Bone up on your NASCAR knowledge as the 2014 season begins

Kligerman's work in the #30 last season earned him a shot to drive the car full time this year
Kligerman's work in the #30 last season earned him a shot to drive the car full time this year | Source

4. Parker Kligerman

Age as of February 23, 2014: 23

Team: Swan Racing

2013 Performance: Kligerman ran the full Nationwide schedule for the now-defunct Kyle Busch Motorsports #77 team. He finished ninth in series points in his first full year running at the Nationwide level, scoring three top five and 13 top ten finishes over the 33 race schedule. Kligerman also had an impressive showing in his first Sprint Cup outing, running 18th at the fall Texas race (one of the best finishes of the season for his team).

Outlook: While unlikely to win a race or qualify for NASCAR's Sprint Cup playoffs, Parker Kligerman is a driver to watch over the next two to three years. He's gained plenty of experience running second-line equipment during his time in the Truck and Nationwide series the past few years so he should be ready for the challenge at Swan. His only prior year in top shelf equipment came in 2009, when Kligerman won nine races and finished second in ARCA series points. Given the inherent limitations of the cars he's driving, a top 20 finish in points would be noteworthy. However, 25-35th is probably more likely. Anything better and it's likely Kligerman will be fielding calls from plenty of teams in the years to come.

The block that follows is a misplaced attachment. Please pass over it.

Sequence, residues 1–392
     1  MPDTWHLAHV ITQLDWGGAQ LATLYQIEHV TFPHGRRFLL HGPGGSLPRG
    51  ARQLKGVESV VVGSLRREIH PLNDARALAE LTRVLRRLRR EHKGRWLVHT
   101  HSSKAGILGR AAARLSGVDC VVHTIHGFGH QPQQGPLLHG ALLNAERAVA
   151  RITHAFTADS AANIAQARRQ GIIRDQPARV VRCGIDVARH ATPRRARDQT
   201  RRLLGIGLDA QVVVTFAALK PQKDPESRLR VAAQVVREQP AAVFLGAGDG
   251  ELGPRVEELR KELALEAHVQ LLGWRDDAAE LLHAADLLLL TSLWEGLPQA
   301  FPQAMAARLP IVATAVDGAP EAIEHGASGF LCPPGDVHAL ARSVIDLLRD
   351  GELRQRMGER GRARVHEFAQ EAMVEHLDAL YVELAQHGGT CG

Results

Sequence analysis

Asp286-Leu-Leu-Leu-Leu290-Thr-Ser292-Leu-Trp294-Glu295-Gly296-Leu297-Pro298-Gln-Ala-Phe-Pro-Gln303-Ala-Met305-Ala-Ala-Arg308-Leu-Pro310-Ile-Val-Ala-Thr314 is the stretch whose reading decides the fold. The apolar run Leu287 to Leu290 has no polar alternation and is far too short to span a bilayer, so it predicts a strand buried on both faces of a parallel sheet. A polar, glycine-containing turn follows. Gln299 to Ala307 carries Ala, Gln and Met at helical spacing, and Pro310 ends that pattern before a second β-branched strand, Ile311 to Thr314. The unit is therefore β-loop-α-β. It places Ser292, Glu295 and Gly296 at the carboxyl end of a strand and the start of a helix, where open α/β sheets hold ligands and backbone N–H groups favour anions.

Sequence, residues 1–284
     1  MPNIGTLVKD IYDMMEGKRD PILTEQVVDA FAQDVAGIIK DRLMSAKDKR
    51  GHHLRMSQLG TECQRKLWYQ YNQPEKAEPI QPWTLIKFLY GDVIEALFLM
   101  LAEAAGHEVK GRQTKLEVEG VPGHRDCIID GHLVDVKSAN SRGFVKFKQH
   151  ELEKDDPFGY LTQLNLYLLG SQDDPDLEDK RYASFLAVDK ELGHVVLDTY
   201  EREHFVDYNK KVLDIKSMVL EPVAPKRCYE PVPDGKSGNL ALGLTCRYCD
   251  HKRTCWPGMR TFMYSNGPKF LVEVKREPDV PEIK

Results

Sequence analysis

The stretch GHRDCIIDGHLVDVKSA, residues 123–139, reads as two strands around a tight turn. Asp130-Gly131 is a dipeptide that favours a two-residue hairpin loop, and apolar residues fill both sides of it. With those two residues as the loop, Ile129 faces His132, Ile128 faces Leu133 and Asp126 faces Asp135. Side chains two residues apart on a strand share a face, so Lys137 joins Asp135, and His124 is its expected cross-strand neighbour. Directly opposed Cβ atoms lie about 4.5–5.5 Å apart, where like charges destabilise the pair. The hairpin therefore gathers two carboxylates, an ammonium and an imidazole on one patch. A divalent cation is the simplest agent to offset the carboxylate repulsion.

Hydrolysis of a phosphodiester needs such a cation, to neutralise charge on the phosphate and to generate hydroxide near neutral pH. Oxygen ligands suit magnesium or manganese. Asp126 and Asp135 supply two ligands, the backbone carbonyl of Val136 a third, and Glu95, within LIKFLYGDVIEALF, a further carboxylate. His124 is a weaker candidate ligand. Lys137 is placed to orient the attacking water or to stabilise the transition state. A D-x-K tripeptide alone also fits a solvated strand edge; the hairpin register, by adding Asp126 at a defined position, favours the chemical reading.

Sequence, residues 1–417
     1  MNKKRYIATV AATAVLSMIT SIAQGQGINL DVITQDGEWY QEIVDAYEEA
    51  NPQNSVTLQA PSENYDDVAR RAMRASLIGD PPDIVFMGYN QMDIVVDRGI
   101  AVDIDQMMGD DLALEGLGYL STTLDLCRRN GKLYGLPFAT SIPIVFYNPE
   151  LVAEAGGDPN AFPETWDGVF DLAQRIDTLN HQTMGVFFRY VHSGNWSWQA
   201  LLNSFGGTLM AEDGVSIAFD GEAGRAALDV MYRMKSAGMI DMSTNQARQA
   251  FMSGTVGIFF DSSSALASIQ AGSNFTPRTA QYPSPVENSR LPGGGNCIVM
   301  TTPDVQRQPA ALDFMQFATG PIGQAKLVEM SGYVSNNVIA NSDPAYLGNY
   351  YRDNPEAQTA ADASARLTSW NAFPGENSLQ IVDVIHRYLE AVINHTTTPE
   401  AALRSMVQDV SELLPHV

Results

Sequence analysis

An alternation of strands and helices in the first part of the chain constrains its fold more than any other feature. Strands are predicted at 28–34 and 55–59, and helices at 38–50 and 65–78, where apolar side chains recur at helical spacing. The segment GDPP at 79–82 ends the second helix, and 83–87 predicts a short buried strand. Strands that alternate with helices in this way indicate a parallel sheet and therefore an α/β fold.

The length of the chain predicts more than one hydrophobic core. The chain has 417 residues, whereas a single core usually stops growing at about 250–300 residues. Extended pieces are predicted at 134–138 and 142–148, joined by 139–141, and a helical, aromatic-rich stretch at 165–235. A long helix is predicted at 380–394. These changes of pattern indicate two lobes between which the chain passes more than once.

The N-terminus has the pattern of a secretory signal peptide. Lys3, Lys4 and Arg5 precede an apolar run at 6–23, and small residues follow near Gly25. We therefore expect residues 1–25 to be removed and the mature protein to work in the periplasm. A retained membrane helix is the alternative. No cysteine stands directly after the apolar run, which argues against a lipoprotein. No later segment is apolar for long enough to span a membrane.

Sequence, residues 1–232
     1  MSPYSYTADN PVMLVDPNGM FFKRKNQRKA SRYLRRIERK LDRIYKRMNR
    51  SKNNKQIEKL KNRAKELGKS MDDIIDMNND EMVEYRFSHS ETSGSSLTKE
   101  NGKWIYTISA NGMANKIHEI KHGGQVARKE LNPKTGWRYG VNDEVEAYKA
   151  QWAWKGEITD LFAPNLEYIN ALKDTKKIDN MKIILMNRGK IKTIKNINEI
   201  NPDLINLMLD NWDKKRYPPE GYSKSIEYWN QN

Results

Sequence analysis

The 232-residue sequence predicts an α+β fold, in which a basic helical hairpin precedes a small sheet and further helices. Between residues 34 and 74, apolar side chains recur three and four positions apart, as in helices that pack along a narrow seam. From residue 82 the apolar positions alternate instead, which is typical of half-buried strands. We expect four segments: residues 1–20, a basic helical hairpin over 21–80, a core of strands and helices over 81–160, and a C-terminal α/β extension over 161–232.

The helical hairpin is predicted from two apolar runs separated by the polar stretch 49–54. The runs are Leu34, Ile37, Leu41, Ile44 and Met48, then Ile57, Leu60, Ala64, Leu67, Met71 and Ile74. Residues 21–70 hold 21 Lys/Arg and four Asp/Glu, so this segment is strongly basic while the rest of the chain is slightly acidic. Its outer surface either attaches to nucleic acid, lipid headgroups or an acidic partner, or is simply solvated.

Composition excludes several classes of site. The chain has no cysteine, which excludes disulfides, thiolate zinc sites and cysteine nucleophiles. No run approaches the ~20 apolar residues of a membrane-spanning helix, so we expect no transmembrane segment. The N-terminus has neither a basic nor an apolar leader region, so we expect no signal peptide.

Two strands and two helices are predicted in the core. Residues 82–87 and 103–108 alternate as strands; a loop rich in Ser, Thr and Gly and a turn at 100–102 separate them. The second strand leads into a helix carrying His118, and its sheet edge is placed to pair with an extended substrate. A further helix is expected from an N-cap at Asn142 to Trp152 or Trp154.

Allgaier will finally get the chance to run a full season at the Sprint Cup level
Allgaier will finally get the chance to run a full season at the Sprint Cup level | Source

3. Justin Allgaier

Age as of February 23, 2014: 27

Team: HScott Motorsports

2013 Performance: Allgaier finished inside the top six in Nationwide points for the fifth straight season last year (in five overall Nationwide seasons). While he failed to win a race, he had six top five and 16 top ten finishes overall. He also ran a handful of Sprint Cup races towards the end of the season after Harry Scott completed his purchase of Phoenix Racing from James Finch. His finishes were nothing special; the best was a 24th place showing at the fall Talladega race. Yet if Allgaier were ever to make the jump to the Sprint Cup level, now is the time.

Outlook: Allgaier's Sprint Cup performance at the end of 2013 is not indicative of what should be expected from him in 2014. Phoenix under James Finch was long an underfunded team, having never truly replaced Miccosukee Casino after the Indian tribe pulled its NASCAR sponsorship. The team's technical alliance with Hendrick Motorsports was hamstrung by budget constraints that saw the team run aged chassis and worn out engines. The team has a new owner, a full time sponsor, and a veteran crew chief in Steve Addington to go with a solid if relatively unknown driver. Allgaier's past experience should help him avoid some of the rookie pitfalls and the team should expect a finish inside the top 25.

Austin Dillon started off his first Sprint Cup season with a Daytona 500 pole
Austin Dillon started off his first Sprint Cup season with a Daytona 500 pole | Source

2. Austin Dillon

Age as of February 23, 2014: 23

Team: Richard Childress Racing